Archive for June, 2015

“Flexibility is a very temporary result of yoga, but the patterns last forever.”  Richard Freeman


So the last session with that Iyengar teacher was sort of amazing.  But I am always amazed and impressed by yoga teachers who are REALLY experienced and have taught a LONG TIME and have WATCHED AND LEARNED FROM STUDENTS.  Like they KNOW what is wrong by looking at students and how to FIX it.  So here is my moment. I always have them.  She tells us to get bolsters for supta virasana and I am like oh f—- my knees.   I had just come off a month, literally the day before, of my Hot yoga challenge. One of the things I was looking for, besides getting my back bending back, which I DID, was getting more flexion in my knees. I got a MINIMAL amount.  I can not lay back in Hot yoga in this pose and can sit on two blocks on a good day.  Three on a bad. In Iyengar they want you to wrap your knees close in a strap and lay on bolsters.  So I get the blocks out and she says to go get as many bolsters as I need to lie back.  I get three. Because how can you even stack three let alone four and I come back and she says what is wrong with my knees. I tell her arthritis and she says out loud does anyone else here have arthritis in their knees and of course there are several laying back on bolsters that raise their hand.  She looks at me and says “you have to work on your issues”.  DING DING DING DING She says to the group of teachers YOU ALL have to work on your issues.  Most of us are insecure about our issues.  But students have them.  What we learn HERE, by watching and paying ATTENTION will allow us to help our students later.  This manner of learning to teach, through the eyes of someone EXPERIENCED, allows for continual revelation. It is the small things. Lack of action, lack of intention, lack of consciousness.  There is SO MUCH TO LEARN.  You learn as much from your own practice as others. I know teachers who DON’T practice.




And I am like oh yeah, just avoiding the issues won’t help the issues. I say this all the time when I am teaching.
So since that day I decided to just do Iyengar yoga pretty much and focus on these issues.  And study Iyengar. It is funny how those teachers can refer to Light on Yoga for pretty much any answer.  She says, do you all have the book? Well PICK IT UP once in a while.  So funny.  HAHA what good is the book doing on the shelf. She says she is on her THIRD COPY she has used them so much.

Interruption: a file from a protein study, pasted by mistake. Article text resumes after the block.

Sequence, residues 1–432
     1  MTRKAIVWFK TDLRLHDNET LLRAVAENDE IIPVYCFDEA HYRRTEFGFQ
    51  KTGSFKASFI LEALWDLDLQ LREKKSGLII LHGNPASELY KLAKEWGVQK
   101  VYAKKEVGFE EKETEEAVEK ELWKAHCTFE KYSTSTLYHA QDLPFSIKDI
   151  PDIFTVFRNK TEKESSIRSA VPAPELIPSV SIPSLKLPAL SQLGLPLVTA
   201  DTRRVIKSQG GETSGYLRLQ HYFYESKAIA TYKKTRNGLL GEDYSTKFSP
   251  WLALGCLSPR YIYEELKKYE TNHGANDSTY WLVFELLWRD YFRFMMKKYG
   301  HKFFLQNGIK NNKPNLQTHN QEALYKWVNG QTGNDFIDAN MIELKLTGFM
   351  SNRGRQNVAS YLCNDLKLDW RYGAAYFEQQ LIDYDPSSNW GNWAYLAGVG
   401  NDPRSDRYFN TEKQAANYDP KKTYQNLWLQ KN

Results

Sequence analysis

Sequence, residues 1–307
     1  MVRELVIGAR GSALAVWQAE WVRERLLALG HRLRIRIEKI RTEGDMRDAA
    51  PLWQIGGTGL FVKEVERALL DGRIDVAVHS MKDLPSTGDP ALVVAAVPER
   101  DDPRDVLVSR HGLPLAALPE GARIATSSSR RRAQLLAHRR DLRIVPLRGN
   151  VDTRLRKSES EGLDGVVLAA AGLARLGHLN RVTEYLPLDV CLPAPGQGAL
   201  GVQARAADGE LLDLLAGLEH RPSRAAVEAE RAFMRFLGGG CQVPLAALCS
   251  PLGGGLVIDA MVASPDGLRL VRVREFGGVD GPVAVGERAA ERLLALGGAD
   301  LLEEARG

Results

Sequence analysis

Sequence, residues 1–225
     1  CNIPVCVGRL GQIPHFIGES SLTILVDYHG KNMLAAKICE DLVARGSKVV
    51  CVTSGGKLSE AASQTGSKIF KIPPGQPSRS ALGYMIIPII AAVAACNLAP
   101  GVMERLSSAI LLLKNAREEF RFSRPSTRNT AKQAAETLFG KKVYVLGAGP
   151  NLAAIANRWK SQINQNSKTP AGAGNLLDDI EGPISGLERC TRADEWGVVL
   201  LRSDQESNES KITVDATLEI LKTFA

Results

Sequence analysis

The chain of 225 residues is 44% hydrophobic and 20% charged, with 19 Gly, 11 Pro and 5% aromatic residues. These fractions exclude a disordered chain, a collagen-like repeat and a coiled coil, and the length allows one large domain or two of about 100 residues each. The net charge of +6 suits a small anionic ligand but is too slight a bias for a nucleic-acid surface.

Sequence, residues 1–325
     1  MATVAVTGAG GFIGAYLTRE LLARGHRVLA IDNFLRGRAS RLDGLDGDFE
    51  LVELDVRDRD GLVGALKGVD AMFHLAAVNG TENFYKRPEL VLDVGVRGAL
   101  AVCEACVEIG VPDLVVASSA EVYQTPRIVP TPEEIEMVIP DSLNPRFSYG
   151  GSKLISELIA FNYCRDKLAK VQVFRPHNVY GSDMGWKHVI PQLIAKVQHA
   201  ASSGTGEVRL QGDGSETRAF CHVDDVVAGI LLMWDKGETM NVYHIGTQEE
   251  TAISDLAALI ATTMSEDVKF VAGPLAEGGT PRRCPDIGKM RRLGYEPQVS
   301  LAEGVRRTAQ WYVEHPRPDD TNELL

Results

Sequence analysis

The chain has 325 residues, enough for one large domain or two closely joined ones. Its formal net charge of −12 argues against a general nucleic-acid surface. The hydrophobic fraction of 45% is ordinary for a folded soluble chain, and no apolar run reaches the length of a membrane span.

And then, you know I have this constant struggle with what to practice.  And I keep finding out my FAVORITE Ashtanga teachers also practice IYENGAR or have studied it.  (Freeman, Ezraty, Garrigues)  SO yesterday I am watching this AMAZING Maty Ezraty interview:



I studied with her last summer. The five day teaching immersion it was VERY little how to I bind in Marichy B/D.  Actually it was NONE of that, but it was more how to work through your issues with alignment rather than just push through it.  So in the interview she talks about the differences and then how to STUDY one form to make the other BETTER.  And she is so right. There is no right path.  I have seen a lot of discussion on inversions and whether they are safe blah blah blah and then some cop out nonsense on NOT teaching them. So do you not practice yourself? Is that a good idea?  What is a teacher? I don’t know.  So then I see this from Garrigues:


“But inversions, they – I mean, it kinda gets into a whole subject, but they have to be done properly, but if they are done properly, they’re the most amazing anti-aging thing, like, incredible health-giving benefits and youth – keeping you youthful, but – so the Iyengar people do it in the afternoon just ’cause it takes longer, and so it is a nice time to do it if you can carve out the time, just because, like you guys were saying, the Ashtanga practice is so demanding, and so it’s a – what I think is – I think it’s the kind of worst thing in a way, the biggest shadow aspect, or one of them, is the – how the inversions are getting kind of cut out of the practice or getting way less emphasis because of how tiring the practice is and how much emphasis is being put on the postures and the series, and then by the time you get to that part, you’ve spent it all. And so I am not a big fan of that. I think that, especially as you get older – and partly because the practice – remember, it’s not about – I mean, its main thing is about meditation, really, and meditation does require stopping the body, you know what I mean? There is moving meditation, but really, at some point, you just have to stop your body and stop the thoughts going through.” – David Garrigues

So doing the extra practice.  Studying. Svadhyaya.  WORK ON YOUR STUFF.  Watch.  Be conscious.  Be aware.  PRACTICE


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